I was out in Colorado watching Metropolis screened with a new soundtrack performed live by the composers, while Gov. Pawlenty was busy in Minnesota with the bonding bill.
I was convinced I'd seen the Fritz Lange classic silent picture in college (turns out, I had no memory of the film). But the score was the attraction — plus the fact that the local supply of novel cultural experiences is still a bit lacking on a given night unless you are willing to include Texas Hold 'em.
The plot and storytelling are plodding and quaint to modern sensibilities, but visually the film is still compelling. And though the moral — heart must mediate between hands and head — is laughably didactic, the struggle between the remote masters and the workers in the depths seems pertinent still. The "heads" would follow their pleasures down to hell rather than give them up. Meanwhile, the "hands" engage in a futile rebellion that means their own destruction.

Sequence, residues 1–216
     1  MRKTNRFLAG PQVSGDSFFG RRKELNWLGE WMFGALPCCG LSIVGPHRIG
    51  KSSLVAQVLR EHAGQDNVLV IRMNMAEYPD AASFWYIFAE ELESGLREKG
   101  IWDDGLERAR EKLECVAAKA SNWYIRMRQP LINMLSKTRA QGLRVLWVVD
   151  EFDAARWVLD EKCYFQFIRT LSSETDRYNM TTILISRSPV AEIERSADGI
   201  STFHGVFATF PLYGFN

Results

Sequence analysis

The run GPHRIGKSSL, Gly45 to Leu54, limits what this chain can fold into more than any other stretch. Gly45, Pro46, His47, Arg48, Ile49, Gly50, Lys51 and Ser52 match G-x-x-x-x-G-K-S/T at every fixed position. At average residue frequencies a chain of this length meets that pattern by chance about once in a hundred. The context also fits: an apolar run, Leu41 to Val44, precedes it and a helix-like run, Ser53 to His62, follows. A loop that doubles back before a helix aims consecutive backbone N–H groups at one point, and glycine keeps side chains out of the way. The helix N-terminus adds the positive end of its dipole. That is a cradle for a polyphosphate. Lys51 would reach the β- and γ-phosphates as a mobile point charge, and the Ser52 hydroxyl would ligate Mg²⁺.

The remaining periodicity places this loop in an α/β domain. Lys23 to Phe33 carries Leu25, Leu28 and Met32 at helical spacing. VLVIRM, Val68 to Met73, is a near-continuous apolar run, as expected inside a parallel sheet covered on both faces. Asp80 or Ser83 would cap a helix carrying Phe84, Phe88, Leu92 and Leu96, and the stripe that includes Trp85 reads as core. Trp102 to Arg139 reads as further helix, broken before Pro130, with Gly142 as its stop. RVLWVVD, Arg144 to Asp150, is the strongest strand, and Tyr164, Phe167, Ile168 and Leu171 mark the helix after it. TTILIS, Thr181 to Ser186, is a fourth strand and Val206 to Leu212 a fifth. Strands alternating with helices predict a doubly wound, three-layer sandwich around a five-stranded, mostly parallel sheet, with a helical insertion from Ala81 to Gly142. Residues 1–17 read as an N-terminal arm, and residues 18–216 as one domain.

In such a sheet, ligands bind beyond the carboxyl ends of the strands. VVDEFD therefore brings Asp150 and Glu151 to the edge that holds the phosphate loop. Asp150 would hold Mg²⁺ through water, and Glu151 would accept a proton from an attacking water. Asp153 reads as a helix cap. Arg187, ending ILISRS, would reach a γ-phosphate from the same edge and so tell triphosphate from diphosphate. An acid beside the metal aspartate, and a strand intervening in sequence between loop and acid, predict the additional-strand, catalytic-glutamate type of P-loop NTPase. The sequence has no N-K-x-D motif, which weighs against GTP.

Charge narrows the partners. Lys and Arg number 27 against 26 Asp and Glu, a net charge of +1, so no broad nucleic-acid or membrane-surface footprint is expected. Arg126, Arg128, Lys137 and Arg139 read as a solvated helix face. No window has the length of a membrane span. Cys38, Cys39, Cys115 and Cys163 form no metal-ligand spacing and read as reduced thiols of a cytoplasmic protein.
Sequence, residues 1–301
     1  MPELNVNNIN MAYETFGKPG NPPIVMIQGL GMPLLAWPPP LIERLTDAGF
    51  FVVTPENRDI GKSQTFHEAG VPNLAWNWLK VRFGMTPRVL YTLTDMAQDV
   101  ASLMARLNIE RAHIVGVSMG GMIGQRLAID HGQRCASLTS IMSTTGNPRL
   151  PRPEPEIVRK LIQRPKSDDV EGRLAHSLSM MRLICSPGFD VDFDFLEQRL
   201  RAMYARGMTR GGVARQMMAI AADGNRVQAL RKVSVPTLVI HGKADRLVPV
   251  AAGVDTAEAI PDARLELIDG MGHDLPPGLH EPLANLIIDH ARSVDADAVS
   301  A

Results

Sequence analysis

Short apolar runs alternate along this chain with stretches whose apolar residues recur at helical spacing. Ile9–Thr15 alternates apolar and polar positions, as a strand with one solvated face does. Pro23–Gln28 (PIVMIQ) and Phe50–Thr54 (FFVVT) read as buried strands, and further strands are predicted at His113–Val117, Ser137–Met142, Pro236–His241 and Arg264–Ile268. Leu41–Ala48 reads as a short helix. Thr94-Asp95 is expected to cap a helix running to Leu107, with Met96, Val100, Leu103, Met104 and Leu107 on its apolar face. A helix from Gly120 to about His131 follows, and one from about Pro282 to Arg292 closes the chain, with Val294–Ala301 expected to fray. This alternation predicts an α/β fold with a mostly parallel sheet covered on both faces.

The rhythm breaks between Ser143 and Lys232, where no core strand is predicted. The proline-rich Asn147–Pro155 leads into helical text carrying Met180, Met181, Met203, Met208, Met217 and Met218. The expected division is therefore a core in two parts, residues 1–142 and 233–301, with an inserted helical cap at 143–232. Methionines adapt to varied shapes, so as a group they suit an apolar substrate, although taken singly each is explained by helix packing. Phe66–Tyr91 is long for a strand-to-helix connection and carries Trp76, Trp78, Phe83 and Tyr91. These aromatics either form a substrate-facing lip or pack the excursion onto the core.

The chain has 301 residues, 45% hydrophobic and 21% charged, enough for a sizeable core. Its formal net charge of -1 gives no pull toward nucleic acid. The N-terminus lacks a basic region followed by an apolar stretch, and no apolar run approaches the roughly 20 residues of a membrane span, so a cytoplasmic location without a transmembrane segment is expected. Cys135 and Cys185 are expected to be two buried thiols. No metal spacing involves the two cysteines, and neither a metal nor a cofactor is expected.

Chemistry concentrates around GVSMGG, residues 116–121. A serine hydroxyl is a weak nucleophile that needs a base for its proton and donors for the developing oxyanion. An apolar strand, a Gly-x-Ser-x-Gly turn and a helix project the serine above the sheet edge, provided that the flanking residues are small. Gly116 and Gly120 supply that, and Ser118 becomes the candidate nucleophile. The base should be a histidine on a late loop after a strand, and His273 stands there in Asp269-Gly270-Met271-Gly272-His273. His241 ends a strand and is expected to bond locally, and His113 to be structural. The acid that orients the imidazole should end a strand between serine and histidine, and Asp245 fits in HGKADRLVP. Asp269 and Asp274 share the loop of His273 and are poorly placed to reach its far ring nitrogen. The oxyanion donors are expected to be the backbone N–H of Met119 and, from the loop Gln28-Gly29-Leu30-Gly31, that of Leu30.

Which brings me back to the Governor's gambit. Joh Fredersen, who runs the Metropolis, is willing to risk the city's destruction in order to defeat the workers forever. This post reminded me of the movie I'd just seen.
But it's safe to say that Pawlenty's veto of a project that has long been in the works, a project that has bi-partisan support and will be the backbone of a future transit system for the Twin Cities metro area, and a project that he previously supported is a desperate measure for a desperate man who sees his political power waning. The only lever he has left is marked "auto-destruct".